A garden with rich bird life is often a fresh garden. Many small birds are insecticides and can help keep the number of harmful insects at a reasonable level. Thus, direct damage to individual plants becomes less and diseases are not spread so easily - without spraying and poaching with toxic chemicals. A prerequisite for small birds. to enjoy and stay in the garden is to arrange a feeding place and a bird bath and plant bushes that provide both shelter and food.
For just a decade ago it was not uncommon for a family or company to be gathered for a meal in The villages were forced to fly indoors because a neighbor declared war against the harmful insects in his garden. With the spray at the highest pressure, the person swallowed not only the aphids and the like in a dense fog. The wind also brought lots of poisonous particles over bushes and fences and "spiced" the barbeque's barbecue food in a way that took both party mood and hunger.
Today, the risks of such poison war are much more rare. We have had milder, yet active pesticides. Many gardeners have learned to dosage properly and even more people have completely refrained from using chemicals. In other words, it has come to light that a well-drained garden soil, airy plantations and a minimum of weed often make other plant protection efforts unnecessary. In addition, if insecticidal small birds can enjoy the garden, they help reduce the harmful whirlwind.
The efforts of the birds are also indiscriminate. It happens that the insects we consider to be harmful to the plants are many times more numerous than those who do a useful work among the plants. And it is almost without exception the harmful insects that the birds accept as food. There are more exceptions that the birds, for example, stop pollinating insects such as bees, bumblebees and butterflies. There is also no reason to complain about the effectiveness or capacity of the birds in terms of hunting results.
It may seem like an exaggerated thought experiment, but it is true: if all birds disappeared and disappeared for seven years, the insects would beneath it the time they multiply themselves so heavily that they would empty the fields of food we humans need to survive. A more obvious task is that a litter of tallowoxes is fed about 10,000 times as long as the kids remain in the estate. And the parents will not fly with only one insect in the bill every time.
If you can take birdlife into account when planting the garden, this is of course a big advantage. If not, there are good conditions for changing the environment to attract more and more birds. The first thing to do is to facilitate the breeding by means of bird cages, to arrange one or more feeding places, to attract a never-so-called bird bath and to plant the plants that the birds can benefit from.
In the first place, find man these plants among deciduous bushes and small trees. Mainly, the plants provide effective protection for the birds, but producing their non-edible berries, this is a very big advantage.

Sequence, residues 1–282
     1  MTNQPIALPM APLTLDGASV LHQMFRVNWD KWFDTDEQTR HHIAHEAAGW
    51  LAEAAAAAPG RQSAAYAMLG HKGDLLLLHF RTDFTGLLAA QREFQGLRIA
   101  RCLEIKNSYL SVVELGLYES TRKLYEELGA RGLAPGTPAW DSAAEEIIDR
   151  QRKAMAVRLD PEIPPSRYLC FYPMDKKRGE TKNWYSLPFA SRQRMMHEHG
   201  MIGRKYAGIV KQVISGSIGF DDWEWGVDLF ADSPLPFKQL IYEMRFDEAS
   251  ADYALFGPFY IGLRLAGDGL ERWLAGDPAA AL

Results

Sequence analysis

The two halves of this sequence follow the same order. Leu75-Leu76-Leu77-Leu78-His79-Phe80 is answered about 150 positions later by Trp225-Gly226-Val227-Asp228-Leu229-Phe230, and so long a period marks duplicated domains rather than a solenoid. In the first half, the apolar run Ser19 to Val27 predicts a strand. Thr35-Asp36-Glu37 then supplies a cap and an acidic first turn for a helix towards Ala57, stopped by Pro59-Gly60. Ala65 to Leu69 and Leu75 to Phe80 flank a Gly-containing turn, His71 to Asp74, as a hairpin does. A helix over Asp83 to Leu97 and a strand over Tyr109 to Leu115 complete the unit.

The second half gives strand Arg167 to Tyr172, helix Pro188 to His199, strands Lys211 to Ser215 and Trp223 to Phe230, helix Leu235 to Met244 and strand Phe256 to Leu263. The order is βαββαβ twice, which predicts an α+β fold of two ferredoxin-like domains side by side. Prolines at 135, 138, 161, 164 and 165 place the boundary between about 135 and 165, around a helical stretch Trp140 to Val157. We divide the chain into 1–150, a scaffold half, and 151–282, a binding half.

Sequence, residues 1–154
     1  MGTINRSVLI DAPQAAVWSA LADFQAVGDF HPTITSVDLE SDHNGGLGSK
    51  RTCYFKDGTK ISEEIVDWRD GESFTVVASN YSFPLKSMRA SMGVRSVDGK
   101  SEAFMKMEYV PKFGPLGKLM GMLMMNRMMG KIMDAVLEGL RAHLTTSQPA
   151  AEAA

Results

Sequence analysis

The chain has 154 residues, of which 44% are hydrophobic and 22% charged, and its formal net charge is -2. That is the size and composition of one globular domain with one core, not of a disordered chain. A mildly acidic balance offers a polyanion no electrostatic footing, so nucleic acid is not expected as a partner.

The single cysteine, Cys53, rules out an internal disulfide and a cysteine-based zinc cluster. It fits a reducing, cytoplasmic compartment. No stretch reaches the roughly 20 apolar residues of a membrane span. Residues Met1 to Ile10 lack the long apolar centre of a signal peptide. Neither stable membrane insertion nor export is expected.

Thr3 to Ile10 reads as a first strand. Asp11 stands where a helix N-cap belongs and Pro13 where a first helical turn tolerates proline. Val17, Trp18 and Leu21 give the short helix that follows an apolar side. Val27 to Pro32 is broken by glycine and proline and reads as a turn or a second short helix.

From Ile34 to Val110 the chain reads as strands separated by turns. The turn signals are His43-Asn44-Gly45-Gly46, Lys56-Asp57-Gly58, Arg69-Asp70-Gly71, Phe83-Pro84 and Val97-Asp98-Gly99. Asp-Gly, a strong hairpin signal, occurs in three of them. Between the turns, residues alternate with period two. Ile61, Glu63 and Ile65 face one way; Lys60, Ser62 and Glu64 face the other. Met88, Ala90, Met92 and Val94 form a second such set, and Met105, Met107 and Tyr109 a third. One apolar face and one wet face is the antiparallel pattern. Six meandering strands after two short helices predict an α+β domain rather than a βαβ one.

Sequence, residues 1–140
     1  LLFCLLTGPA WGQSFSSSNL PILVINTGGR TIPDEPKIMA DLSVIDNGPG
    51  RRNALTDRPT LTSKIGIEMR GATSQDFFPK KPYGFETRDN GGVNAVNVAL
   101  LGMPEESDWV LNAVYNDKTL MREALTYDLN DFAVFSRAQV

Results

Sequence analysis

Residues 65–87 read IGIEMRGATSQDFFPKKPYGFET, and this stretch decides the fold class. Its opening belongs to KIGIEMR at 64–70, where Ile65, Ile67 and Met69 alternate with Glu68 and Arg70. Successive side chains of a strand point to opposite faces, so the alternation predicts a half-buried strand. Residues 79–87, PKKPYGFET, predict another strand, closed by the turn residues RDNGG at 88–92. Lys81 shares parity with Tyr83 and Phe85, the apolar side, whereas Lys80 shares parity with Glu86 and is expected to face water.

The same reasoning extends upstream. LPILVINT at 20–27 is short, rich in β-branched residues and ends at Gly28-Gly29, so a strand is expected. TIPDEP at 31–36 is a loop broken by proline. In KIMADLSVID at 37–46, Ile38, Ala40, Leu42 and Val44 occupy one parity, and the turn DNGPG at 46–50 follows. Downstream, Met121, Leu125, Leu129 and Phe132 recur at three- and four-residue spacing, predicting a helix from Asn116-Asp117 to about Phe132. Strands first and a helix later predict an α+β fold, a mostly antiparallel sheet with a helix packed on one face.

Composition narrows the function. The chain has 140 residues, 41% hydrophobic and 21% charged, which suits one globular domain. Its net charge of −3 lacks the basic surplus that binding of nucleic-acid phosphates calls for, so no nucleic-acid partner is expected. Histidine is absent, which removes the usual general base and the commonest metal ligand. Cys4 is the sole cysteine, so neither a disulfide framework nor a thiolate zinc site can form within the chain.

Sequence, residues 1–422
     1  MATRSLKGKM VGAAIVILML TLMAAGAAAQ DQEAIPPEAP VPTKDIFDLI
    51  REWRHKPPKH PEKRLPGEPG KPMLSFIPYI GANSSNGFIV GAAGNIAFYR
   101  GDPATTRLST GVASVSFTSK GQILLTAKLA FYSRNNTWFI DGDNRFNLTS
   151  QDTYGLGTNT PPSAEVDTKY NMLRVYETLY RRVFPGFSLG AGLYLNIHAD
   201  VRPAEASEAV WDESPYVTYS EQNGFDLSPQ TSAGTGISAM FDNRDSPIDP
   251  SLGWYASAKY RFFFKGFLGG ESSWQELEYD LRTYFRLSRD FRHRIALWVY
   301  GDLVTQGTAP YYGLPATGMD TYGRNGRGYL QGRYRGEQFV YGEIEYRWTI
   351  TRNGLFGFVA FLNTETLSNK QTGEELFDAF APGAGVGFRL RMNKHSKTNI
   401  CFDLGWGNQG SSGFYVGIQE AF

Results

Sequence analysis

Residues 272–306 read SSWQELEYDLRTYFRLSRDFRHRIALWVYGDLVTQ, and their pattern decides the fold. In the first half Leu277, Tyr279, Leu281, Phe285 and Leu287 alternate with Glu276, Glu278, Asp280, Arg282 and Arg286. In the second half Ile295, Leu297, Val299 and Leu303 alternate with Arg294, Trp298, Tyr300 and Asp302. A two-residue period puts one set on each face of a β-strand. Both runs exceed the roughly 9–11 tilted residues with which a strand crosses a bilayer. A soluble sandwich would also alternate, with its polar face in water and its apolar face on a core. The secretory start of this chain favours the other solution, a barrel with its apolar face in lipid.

The winter green Eldtornen provides protection and winter feeds.
Attracting small birds to the garden always provides a rich exchange that every garden owner should use. Either the birds stay on the plot or only make shorter visits, they always offer a moving and sometimes colorful game. If you can make them hang out in the neighborhood, you will also be able to study them close-by, for example, by once looking down in the cave.
In their constant pursuit of food for themselves and their kids, they help to keep the garden's insect insects at an acceptable level during the bright season. When winter comes and by challenge can help them survive the harsh climate, one can - besides the close relationship with them - enjoy their own good conscience.
But deliberately attracting small birds to the plot also means taking wearing a responsibility. Keeping the bulbs and birdboards clean, filling the baths with fresh water and not interrupting a begun feeding in the winter is certainly a matter of course for most people. On the other hand, it may not be as close at hand to see plant protection as an equivalent obligation. But it is actually.
Birds pay close attention to external dangers, but when they eat, bath, build and feed their kids, without a doubt, some of the vigilance is lost. And that lack is the gardener's obligation to compensate by planting suitable plants that can provide adequate protection against attackers of all kinds.
There are plenty of suitable protection plants - especially among deciduous bushes, but it may still be difficult to choose in the wide range. One should think that the plant in question is beautiful and fits the other plant, while providing the desired protection and, moreover, a breeding bullet that will benefit the birds.
There is of course nothing that says that a birdy garden must be caught with shrubs. The main thing is that there are a few close to hollows, feeding places and baths. Some suggestions for suitable protection bushes are Berberis, Häckoxber, Rosenkvitten, Brakved, Hägg, Grapefruit,
Häggmispel and Rosenapel, but there are many other suitable bushes. Remember to plant the bushes at about a couple of meters from, for example, bird tables and bird baths. If they are too close they can have the opposite effect, thus endanger the little birds because of the predators who are looking for them and their kids.